April 17, 1975—the Khmer Rouge enter Phnom Penh.
During the early morning hours of April 17, 1975, the Khmer Rouge, a Cambodian nationalist and communist militia, entered and took control of Cambodia’s capital city, Phnom Penh. The Khmer Rouge were initially welcomed into the city, with their victory lauded as the end of the Cambodian Civil War. However, over the days that followed Khmer Rouge soldiers began forcing the population of the city (almost two million people) to evacuate, and killed anybody who wouldn’t or couldn’t comply.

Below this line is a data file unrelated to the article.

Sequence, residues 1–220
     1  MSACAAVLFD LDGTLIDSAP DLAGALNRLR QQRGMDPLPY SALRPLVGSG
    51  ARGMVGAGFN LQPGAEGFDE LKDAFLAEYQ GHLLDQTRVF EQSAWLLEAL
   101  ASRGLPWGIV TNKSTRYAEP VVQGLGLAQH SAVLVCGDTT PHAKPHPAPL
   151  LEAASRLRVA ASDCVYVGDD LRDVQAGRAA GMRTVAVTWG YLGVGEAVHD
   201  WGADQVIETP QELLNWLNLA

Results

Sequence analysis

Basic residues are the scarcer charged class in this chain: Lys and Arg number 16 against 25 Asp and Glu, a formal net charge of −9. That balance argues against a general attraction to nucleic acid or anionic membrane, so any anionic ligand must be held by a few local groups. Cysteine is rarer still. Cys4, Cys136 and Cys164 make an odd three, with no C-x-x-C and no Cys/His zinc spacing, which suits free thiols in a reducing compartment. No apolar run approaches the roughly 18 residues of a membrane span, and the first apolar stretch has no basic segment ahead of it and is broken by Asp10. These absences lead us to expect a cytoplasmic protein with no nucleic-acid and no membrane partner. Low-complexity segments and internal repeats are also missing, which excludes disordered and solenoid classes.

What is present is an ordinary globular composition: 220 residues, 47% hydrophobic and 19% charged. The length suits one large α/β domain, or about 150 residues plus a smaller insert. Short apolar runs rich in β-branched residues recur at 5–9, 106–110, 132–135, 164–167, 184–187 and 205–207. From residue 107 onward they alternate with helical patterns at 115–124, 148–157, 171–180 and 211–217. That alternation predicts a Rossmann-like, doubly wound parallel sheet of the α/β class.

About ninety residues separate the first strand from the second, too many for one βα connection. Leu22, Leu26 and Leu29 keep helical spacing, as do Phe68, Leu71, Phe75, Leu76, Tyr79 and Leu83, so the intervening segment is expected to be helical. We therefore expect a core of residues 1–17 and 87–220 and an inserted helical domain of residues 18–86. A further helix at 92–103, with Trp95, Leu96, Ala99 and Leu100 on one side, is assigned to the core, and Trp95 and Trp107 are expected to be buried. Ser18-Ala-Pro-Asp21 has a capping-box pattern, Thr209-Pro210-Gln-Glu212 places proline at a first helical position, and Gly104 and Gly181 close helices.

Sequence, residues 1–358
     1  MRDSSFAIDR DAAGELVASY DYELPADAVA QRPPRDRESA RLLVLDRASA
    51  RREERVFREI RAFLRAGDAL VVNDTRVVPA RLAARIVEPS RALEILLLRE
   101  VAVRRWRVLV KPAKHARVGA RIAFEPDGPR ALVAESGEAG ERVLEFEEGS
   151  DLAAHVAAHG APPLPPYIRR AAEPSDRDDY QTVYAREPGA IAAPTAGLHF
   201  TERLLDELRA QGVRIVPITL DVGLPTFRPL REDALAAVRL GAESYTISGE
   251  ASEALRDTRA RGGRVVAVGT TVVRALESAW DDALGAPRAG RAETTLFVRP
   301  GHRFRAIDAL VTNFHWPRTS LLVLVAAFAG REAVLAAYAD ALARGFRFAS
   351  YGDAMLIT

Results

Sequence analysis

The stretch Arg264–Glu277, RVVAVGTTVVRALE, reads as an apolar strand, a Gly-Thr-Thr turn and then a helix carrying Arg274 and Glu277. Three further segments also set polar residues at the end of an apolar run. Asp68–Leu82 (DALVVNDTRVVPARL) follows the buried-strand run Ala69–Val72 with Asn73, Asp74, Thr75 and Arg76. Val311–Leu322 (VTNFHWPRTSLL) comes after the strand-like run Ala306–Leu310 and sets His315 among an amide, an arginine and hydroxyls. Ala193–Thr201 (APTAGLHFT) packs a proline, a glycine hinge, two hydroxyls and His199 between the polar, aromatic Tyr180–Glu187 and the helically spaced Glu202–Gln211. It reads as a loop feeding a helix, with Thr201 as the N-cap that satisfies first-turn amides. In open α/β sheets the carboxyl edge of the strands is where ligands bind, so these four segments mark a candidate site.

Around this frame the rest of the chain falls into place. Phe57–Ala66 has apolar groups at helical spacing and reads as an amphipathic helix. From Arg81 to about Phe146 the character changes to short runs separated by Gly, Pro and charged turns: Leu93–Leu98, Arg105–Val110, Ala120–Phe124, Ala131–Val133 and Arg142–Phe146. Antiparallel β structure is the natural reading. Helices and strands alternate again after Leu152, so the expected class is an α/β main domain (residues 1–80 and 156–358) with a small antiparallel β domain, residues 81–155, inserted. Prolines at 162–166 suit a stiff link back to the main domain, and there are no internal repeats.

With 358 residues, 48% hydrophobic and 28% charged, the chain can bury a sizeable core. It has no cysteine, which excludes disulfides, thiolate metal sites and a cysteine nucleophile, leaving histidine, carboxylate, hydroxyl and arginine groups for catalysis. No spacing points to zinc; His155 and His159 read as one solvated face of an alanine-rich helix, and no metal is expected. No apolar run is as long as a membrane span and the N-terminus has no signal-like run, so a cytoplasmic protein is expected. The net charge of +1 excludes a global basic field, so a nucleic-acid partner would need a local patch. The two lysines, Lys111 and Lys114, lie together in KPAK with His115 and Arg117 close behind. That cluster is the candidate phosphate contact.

The fall and evacuation of Phnom Penh marked the start of Democratic Kampuchea, the Khmer Rouge state, as well as the start of the Cambodian genocide. Through mass-killings, starvation, and overwork at labor camps, 1.7 million of Cambodia’s population of eight million died between 1975 and 1979.
Image #1: Khmer Rouge soldiers entering Phnom Penh on the morning of April 17, 1975.
Image #2: Khmer Rouge soldiers with guns.
Image #3-4: Victims of the Tuol Sleng Prison in Phnom Penh. Of the estimated 17,000 people held prisoner at Tuol Sleng, only twelve were known to have survived.
Image #5: Excavations at the Choeung Ek killing field, where prisoners from Tuol Sleng were executed and buried in mass graves. Choeung Ek has been converted into a genocide memorial, and most of the bones are housed in a stupa on field grounds.